Reporter Morris was unable to reach Rockford for comment and was not able to confirm that hers was a real name for a real person. When he talked to True The Vote, who trained Rockford, that organization referred him to the Self-for-Judge campaign.
True The Vote Has a Contradictory Reality
True The Vote is a Houston-based, self-described "citizen-led effort to restore truth, faith, and integrity to our elections," founded in 2009. It joined Facebook in March 2011, where it links to such other sites as Townhall.com, Breitbart.com, and Election Law Center ("more red than the ivory tower") that has just filed a suit against the "Democrat Party" for alleged election law violations, including "a near take-over of a polling location by members of the NAACP (National Association for the Advancement of Colored People). Incidents were so blatant that the NAACP members were actually moving people forward in line to vote ahead of other voters."
True The Vote calls itself "a non-partisan initiative to educate and train citizens to work within our electoral system to restore honor and integrity to the electoral process," but its website and Facebook page are dominated by partisan Republican, Tea Party, and evangelical voices to the exclusion of others.
The founder and president of True the Vote is Catherine Engelbrecht who married oilman Bryan Engelbrecht in 2008, the same year she launched her Facebook page. The Engelbrechts are two of the three directors of True The Vote,. The organization's 990 filing with the IRS shows that Catherine works 40 hours a week, while each of the other directors works just one hour a week, but all work without compensation. True The Vote reported income of $136,057 and expenses of $224,942 for 2011.
"Iran To Go Nuclear In Less Than A Month!"
The Engelbrechts are also directors of True The Vote's parent organization, King Street Patriots, which they founded in 2009 and put on Facebook the same year, announcing "nullification" as their first principle. The sites feature the same circle of right wing activists as True The Vote, but with many more attacks on President Obama and posts like this from April 13, 2010: "Iran to go nuclear in less than a month!"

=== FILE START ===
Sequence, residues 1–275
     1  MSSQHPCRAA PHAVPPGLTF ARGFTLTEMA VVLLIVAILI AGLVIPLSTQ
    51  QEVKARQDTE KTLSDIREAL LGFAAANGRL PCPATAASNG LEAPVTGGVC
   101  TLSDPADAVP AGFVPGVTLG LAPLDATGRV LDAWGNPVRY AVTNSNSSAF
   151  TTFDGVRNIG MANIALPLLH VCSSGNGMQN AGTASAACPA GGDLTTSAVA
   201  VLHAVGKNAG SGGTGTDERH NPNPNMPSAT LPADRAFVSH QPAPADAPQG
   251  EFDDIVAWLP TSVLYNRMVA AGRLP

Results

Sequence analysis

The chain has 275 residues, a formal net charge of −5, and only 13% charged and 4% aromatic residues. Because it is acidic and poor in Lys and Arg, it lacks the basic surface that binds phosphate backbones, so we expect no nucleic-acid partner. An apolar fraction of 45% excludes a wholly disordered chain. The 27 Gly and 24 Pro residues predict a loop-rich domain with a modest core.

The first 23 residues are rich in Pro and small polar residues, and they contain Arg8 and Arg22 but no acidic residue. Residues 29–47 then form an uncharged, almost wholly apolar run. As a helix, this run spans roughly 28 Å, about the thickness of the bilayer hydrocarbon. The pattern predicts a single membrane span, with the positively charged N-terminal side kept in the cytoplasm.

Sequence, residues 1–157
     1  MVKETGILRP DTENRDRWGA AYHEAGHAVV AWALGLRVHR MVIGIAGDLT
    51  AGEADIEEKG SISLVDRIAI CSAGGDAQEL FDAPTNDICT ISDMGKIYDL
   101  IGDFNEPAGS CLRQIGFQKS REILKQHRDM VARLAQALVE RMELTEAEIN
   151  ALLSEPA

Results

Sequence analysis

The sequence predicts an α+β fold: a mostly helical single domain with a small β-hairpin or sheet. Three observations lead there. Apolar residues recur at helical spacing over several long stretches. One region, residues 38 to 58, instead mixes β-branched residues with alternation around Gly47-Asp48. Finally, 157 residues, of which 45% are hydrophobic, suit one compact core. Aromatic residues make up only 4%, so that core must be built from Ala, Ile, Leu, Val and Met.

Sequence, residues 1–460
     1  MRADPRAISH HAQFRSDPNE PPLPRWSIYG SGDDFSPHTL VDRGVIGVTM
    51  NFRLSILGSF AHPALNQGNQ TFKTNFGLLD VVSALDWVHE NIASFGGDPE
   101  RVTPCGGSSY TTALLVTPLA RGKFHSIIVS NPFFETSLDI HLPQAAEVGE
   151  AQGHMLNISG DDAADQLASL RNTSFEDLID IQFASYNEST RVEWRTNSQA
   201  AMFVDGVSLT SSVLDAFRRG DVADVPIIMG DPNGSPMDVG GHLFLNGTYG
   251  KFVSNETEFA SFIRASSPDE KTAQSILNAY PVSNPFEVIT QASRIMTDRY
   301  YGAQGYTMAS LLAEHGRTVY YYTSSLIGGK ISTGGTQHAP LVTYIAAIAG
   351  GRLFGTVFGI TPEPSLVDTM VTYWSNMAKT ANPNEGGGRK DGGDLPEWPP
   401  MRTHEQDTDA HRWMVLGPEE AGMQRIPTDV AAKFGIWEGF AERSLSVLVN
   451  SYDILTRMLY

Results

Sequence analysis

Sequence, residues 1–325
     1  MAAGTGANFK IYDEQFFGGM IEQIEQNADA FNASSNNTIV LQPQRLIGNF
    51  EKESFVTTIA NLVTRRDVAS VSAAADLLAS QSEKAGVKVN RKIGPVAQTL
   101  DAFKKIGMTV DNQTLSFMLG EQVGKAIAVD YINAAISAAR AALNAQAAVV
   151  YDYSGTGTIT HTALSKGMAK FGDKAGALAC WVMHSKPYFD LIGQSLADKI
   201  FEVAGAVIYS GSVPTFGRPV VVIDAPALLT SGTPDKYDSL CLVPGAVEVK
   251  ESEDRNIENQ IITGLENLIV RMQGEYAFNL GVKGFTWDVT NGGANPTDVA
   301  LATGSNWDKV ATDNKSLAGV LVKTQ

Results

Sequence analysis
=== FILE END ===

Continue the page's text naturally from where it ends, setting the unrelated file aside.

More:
2010 was also the year Catherine Englbrecht "discovered" that the New Black Panther Party was operating in Houston -- only it wasn't. In making that claim, she was accusing a voter registration group, Houston Votes, who later sued her for defamation. At about the same time, Harris County Voter Registrar Leo Vasquez was accusing Houston Votes of being "our area's new "ACORN' organization" for submitting more that 5,000 deficient deficient voter registration applications, which Houston Votes emphatically denied.
True The Vote set out to wage war against voter fraud in 2012, but its efforts have been slowed by the difficulty of finding actual voter fraud in the United States. In September, the New York Times publish a lengthy report by Stephanie Saul, highlighting some of True The Vote's credibility problems, including its claims of busses full of illegal voters in San Diego or Wisconsin, claims that appear to have had no basis in fact.
Any Unchallenged Falsehood Might Appear Credible
Failing to find witches tends to slow any witch hunt, but True The Vote hasn't given up by any means. Its newest post on its website trumpets the "nonpartisan, nonprofit grassroots organization" effort to join the federal lawsuit against Florida, on the side of the state's effort to purge its voter rolls.
At the end of its recent press release, True The Vote states that: "True the Vote, a nonpartisan, nonprofit organization based in Houston, TX has developed an exportable model with which to train poll workers across the country and equip grassroots leaders and volunteers for involvement at every stage of the electoral process. The organization promotes ideas that actively protect the rights of legitimate voters, regardless of their political party affiliation."
Without a lot more honest and aggressive reporting by mainstream media, too many people are likely to think those might be true statements.
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